Yesterday I received an email from an agency who have been looking at my skills and experience online and thought they had found a suitable position for me.
Contained within the email were the Pros and Cons the employer had listed for me. One of their issues with me as a candidate was that I had too much experience!
After years and years of applying for jobs where I was ill-qualified or inexperienced I now appear to have leap-frogged straight over the time window of the elusive, perfect balance of skills and experience into a realm of being over experienced but under qualified!!
To be fair, there’s not a lot I can do about that! Doing a job which “pays the bills” is not an optional extra when you’re married with two kids, it is a necessity! Yes, I want to do something more challenging but I don’t have the spare finance to retrain. And so for now, my fate and career satisfaction remains firmly in the hands of the HR Managers who, in a saturated job market can afford to be choosy and yet may choose an inexperienced graduate over a seasoned battler from the world of business.
The other reservation which most surprised me was that of my creativity. They stated that although my creativity is most evident in my blog, my poetry and in my spoken word performances; there was very little evidence of this in my commercial experience.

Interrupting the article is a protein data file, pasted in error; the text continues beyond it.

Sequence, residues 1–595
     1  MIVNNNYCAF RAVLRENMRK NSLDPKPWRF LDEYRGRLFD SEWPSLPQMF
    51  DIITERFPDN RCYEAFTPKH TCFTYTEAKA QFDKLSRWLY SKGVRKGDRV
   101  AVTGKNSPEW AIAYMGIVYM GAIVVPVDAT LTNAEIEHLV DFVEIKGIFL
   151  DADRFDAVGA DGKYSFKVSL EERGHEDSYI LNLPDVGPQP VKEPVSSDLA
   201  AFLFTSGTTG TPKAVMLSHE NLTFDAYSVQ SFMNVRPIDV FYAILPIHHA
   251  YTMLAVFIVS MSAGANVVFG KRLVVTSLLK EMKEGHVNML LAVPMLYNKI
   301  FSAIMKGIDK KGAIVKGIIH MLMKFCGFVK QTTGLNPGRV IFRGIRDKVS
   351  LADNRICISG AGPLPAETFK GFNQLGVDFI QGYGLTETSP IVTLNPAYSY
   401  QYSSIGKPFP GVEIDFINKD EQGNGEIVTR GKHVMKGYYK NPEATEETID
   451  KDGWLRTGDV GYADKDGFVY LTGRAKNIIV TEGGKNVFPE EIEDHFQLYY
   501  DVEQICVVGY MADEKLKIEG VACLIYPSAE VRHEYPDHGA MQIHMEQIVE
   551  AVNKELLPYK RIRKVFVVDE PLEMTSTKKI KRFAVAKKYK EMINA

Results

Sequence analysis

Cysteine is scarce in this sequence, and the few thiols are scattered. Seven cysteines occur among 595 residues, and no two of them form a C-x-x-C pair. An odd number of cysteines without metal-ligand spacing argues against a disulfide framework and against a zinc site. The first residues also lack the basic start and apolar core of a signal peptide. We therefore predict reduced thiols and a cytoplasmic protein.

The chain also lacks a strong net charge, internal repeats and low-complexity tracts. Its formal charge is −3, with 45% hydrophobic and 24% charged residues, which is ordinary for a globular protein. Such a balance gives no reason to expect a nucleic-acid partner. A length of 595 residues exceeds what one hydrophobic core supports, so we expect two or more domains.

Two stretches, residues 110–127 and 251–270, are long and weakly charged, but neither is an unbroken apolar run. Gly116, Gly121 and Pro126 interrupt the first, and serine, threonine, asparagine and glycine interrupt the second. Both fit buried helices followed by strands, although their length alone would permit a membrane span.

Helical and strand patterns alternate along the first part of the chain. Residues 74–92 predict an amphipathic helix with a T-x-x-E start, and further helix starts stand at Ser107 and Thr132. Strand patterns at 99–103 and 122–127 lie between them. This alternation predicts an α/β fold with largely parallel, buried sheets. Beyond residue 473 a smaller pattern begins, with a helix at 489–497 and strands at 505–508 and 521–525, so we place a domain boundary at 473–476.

I am somewhat at a loss as to how to make a break into a creative writing/marketing career when I am doing all I can to hone my skills in my spare time (for no payment!) and yet have less opportunity in my current job!
I wonder how many of us are stuck in the 9-5 grind doing what is necessary to feed the mouths and keep the roof on, but aspiring to a vocation which is more fulfilling?! Am I less of a candidate for a job because I have taken till 38 to discover what I want to do “when I grow up!”
How many of us, at 40 or 50 are still in the same field that we entered at 16, 18 or post university? I would suggest that the life experience and cross-industry insight that an applicant of my age has gained is of equal worth of a degree, if not more.
The ability to mingle with diverse people, to relate as a consumer as well as a provider, to think on behalf of the business as regards cost and reputation and to lead as well as to follow are invaluable skills I have gained in my 17 years of working in the professional realm.
You may think, well why don’t you tell them then? Well I have replied to them, to be honest I don’t expect to change their mind but I can’t afford to be choosy about the jobs I take, unlike some new graduates and that loyalty and focus means I have much to bring to the table.
It is now up to the HR Manager in question to take a risk and offer a position to what would be a truly grateful candidate…